We previously posted information on an exhibition entitled “Turn on the Bright Lights,” curated by Puerto Rican artist Carla Acevedo-Yates [see previous post Art Exhibition: “Turn on the bright lights” at Bard College]. Please join us in congratulating Ms. Acevedo Yates (Bard College), who was awarded this year’s Ramapo Curatorial Prize. An expanded iteration of Acevedo Yates’ project will be produced at Ramapo in 2015.
The Ramapo Curatorial Prize, a collaboration between Ramapo College and CCS Bard, is awarded each year to a graduating CCS Bard student. The prize allows for the production and execution of a curatorial project at Ramapo College with an expanded budget and curatorial fee. Applications to the prize typically represent a restaging / reworking / expansion of the thesis project, but may also be an entirely new project proposal.
Information on Carla Acevedo-Yates’ project:
“Turn on the bright lights” (artists: Kajsa Dahlberg, Felix Gonzalez-Torres, David Lamelas, Jason Mena, Trevor Paglen), curated by Carla Acevedo-Yates, was presented from April 13 to May 25, 2014, at CCS Bard, Hessel Museum of Art.
Depending on how bright it is, a light in the dark can either help us see or completely blind us. And if darkness is conventionally understood to obscure vision, it also makes manifest spaces that cannot otherwise be represented. Drawing on these contradictions in the intricacies of seeing and not seeing, Turn on the bright lights examines how artists use abstraction as a conceptual device to materialize that which remains elusive, indeterminate, and invisible. The exhibition has two parts, emphasizing first an embodied experience of forms, where sculpture, photography, video, and painting speak to the complexities of seeing counter-spaces. It then leads to an increasingly dematerialized environment in which the perceptual limits of meaning are themselves rendered opaque, difficult, and abstract.
Abstraction in the visual arts has often been understood through the lens of the historical avant-garde and high modernism, whose utopian ideals of universality and humanism were intertwined with the totalizing ambitions of the social and political projects of Western modernity. By contrast, the artists in this exhibition deploy abstractions—such as indeterminate geographies, image negation, and the monochrome—as a formal strategy for advancing a nuanced understanding of power relations, a strategy of localized resistance.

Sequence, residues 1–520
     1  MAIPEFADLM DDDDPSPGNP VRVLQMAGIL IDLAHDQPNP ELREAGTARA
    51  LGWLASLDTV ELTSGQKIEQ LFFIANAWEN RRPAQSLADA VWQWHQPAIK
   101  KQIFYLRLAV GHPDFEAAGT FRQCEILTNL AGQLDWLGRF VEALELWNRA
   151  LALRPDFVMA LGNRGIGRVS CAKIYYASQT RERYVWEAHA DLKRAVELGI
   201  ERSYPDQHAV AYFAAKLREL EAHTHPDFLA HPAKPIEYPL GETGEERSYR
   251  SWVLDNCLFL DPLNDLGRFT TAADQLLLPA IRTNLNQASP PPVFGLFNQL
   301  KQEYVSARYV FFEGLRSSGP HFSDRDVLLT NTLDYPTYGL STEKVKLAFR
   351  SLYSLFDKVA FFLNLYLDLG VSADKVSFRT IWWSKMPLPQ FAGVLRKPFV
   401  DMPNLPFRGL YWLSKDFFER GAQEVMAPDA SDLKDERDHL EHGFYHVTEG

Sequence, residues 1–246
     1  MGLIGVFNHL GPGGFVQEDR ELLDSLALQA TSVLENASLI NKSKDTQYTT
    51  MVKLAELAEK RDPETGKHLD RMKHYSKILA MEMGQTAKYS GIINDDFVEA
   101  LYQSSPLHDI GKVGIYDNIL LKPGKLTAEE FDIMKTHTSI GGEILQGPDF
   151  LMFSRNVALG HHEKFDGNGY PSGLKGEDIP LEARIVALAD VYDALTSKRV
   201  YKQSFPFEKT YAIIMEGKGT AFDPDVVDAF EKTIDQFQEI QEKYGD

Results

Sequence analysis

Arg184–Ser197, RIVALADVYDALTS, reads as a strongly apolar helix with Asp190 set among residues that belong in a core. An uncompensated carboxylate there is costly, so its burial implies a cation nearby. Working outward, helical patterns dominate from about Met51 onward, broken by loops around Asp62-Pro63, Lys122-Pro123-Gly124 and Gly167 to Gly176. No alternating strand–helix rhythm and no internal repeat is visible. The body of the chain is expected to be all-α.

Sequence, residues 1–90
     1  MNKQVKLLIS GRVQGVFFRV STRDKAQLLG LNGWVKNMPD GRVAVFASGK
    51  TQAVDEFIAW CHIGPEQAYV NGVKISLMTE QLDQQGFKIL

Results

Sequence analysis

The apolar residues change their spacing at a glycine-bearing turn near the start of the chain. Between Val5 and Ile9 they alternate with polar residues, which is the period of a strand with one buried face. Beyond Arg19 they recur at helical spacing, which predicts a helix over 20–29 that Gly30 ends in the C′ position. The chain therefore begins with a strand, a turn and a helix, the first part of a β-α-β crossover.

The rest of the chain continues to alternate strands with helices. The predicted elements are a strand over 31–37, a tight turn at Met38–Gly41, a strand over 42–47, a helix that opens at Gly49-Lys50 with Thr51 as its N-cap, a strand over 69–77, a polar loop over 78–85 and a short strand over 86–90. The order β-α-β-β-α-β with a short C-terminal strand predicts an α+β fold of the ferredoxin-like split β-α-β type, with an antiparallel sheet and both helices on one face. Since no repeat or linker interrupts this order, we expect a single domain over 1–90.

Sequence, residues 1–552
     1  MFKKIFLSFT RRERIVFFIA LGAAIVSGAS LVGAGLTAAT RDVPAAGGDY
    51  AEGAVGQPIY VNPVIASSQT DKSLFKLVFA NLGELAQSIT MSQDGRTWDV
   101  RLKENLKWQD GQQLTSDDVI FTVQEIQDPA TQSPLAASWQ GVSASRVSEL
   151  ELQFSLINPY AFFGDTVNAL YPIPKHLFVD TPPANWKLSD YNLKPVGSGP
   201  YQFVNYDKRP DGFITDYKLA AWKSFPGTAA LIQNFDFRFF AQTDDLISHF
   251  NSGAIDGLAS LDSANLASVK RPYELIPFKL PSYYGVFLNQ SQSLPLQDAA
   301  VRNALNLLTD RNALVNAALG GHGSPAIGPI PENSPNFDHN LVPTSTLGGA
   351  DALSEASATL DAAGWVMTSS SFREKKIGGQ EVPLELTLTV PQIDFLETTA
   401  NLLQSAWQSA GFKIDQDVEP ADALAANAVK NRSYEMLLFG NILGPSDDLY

Carla Acevedo-Yates holds a BA in Spanish and Latin American Cultures from Barnard College, Columbia University in New York and a degree in photography from Spéos Photographic Institute in Paris, France. She is now completing a Masters in Curatorial Studies from Bard College in Annandale-on-Hudson, New York.
In 2008, Carla Acevedo-Yates launches the online platform http://dawire.com/. This online magazine based in Puerto Rico was oriented towards contemporary art, its presentation and its critics. Dawire.com was not only focused on Puerto Rican visual arts’ scene, but extended its researches and appraisals on the entire international scene in the field of contemporary art. She is a member of the AICA (International Association of Art Critics). Between 2010 and 2011, she was the curator of the Fist Art Foundation in Puerto Rico. This foundation created in 2008, specialized in setting up exhibitions in public spaces and is centered on interactions between contemporary art and nature.
[Many thanks to Jason Mena for bringing this item to our attention.]
For more information, see http://www.artfornews.com/carla-acevedo-yates-fue-galardonada-con-el-premio-ramapo-curatorial
For more information on the artist, see http://www.uprising-art.com/en/portfolio/carla-acevedo-yates-porto-rico/